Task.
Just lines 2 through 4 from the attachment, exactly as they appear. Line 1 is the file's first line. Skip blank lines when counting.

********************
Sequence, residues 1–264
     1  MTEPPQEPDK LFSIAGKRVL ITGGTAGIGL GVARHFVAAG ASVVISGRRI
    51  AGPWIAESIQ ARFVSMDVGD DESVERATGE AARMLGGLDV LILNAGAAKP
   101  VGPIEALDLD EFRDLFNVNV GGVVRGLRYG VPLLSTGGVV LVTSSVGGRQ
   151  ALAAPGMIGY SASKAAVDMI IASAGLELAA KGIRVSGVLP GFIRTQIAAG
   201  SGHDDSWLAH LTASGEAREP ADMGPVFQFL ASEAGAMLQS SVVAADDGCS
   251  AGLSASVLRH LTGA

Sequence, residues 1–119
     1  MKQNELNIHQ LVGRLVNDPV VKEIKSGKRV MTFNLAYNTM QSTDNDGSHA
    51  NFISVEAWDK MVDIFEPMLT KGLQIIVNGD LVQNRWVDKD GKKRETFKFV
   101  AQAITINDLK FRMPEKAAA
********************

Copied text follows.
     1  MTEPPQEPDK LFSIAGKRVL ITGGTAGIGL GVARHFVAAG ASVVISGRRI
    51  AGPWIAESIQ ARFVSMDVGD DESVERATGE AARMLGGLDV LILNAGAAKP
   101  VGPIEALDLD EFRDLFNVNV GGVVRGLRYG VPLLSTGGVV LVTSSVGGRQ